CarsMotormouth Reviews

New Mercedes is Shooting on target

Mercedes Shooting Brake
Mercedes Shooting Brake


I GAVE the CLA top Mercs in our annual awards. Bursting on to the scenes in 2013, the all-new Mercedes Benz was a breath of fresh air for the premium brand.

It was stylish, youthful and went against everything the German brand was famous for over the years.

The CLA arrived with the aim of taking some of the many BMW buyers, and myself, and my fellow Motormouth, are both agreed that we would definitely be proud of a CLA parked on our driveway.

Hot on the heels of the CLA saloon comes what Mercedes call the ‘Shooting Brake’ – a strange name for its estate version.

The name itself comes from horse-drawn carriages used for hunting excursions. These carriages were also used to curb untamed horses’ urge to move.

In the 1960s, motorised shooting brakes developed from these unique vehicle specimens for wealthy landowners, combining a sporty design with generous spaciousness.

And the Mercedes CLA Shooting Brake takes many of its design cues from these carriages.

The problem with the saloon was that because of its curvy body and sloping roofline, head and legroom in the rear was slightly tight for rear-seat passengers.

The big ask from Mercedes in the estate version was if it could correct this issue without taking away from the CLA’s stunning looks – and it certainly has.

I have to admit, the CLA Shooting Brake is one of the best-looking estate cars on the road. It’s proportions are much easier on the eye than it’s larger siblng, the CLS Shooting Brake.

Unlike my colleague, I was never a big fan of estate cars, but this version would be the pick for me if I was in the market for one.

It has a little bit of everything going on. It’s spacious, stylish, practical and has excellent exterior and interior looks.

The inside is as impressive as the outside with extremely high levels of comfort and spec.

As with most Mercedes models, it’s worth pushing the boat out to get the AMG kit.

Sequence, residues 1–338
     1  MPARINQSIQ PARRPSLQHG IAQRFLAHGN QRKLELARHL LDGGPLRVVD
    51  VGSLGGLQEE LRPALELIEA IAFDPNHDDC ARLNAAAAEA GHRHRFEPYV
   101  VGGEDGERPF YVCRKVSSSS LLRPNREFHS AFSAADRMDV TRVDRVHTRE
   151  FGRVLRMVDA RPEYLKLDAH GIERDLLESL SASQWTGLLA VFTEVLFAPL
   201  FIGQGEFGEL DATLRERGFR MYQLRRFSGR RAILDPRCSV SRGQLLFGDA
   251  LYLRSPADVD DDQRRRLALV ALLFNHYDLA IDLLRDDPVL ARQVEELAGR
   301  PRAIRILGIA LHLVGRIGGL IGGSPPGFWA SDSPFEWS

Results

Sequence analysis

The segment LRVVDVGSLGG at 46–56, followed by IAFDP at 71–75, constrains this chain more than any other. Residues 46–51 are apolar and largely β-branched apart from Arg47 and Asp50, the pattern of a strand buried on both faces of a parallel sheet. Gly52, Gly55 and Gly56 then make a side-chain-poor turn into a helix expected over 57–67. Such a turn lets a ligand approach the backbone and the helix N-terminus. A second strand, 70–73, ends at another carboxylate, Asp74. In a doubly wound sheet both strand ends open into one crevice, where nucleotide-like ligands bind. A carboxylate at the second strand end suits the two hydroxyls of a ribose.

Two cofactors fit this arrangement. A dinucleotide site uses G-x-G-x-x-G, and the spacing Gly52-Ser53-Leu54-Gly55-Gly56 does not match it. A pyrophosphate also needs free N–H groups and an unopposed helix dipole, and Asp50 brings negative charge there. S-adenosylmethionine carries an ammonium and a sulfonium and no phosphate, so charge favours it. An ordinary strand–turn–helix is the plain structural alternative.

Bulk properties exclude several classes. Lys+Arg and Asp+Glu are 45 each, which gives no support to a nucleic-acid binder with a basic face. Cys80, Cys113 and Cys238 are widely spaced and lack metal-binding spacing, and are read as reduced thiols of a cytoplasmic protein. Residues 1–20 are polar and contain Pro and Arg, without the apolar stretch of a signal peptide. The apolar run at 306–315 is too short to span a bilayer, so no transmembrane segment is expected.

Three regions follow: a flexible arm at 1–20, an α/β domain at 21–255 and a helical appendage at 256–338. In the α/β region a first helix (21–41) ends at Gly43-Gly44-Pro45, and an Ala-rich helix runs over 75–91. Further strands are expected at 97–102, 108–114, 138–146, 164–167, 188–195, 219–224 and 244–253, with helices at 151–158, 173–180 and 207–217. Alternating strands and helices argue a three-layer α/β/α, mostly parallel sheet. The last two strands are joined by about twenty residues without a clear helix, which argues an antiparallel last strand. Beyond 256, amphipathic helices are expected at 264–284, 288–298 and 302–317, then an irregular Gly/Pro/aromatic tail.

It really does make a difference to the car’s look.

The engine line-up consists of two diesels and three petrol units. Mercedes expects the volume seller to be the CLA 200 CDI 4-cylinder, 2.1-litre, 136hp delivering a claimed 4.1-litres/100km fuel consumption, and falling into tax band A3, €190 and prices starting at €36,125.

My CLA 200 CDI test car was fitted with the seven-speed dual-clutch automatic gearbox, and it is the only choice for me.

Like most cars in this category, manual gearboxes just don’t seem right.

On the road, the CLA estate is more than capable, and is definitely most at home on cruising the motorways.

That’s not to say that it nippy and easy to handle around town for an estate car.

Prices for the new CLA Shooting Brake start from €31,490 for the 1.6-litre petrol version 122hp CLA180 rising to €65,860 for the CLA 45 AMG with 320bhp from its 2.0-litre petrol – but I don’t think we’ll see many of this model arrive on our shores.

On the diesel front, the more powerful 177bhp CLA220 CDI falls into the same tax bracket and starts from €40,195.

Overall, the CLA Shooting Brake is one of my favourite estate cars.

It certainly doesn’t have the space of a Skoda Superb, but if I was in the market for one – I’d sacrifice a little space for the looks alone.

Robbie Farrell